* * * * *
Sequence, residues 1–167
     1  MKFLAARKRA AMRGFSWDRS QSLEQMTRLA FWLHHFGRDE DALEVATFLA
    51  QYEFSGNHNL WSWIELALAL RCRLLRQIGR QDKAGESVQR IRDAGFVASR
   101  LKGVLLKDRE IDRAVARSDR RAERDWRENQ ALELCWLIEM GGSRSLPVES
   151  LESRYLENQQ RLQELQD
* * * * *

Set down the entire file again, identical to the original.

Sequence, residues 1–167
     1  MKFLAARKRA AMRGFSWDRS QSLEQMTRLA FWLHHFGRDE DALEVATFLA
    51  QYEFSGNHNL WSWIELALAL RCRLLRQIGR QDKAGESVQR IRDAGFVASR
   101  LKGVLLKDRE IDRAVARSDR RAERDWRENQ ALELCWLIEM GGSRSLPVES
   151  LESRYLENQQ RLQELQD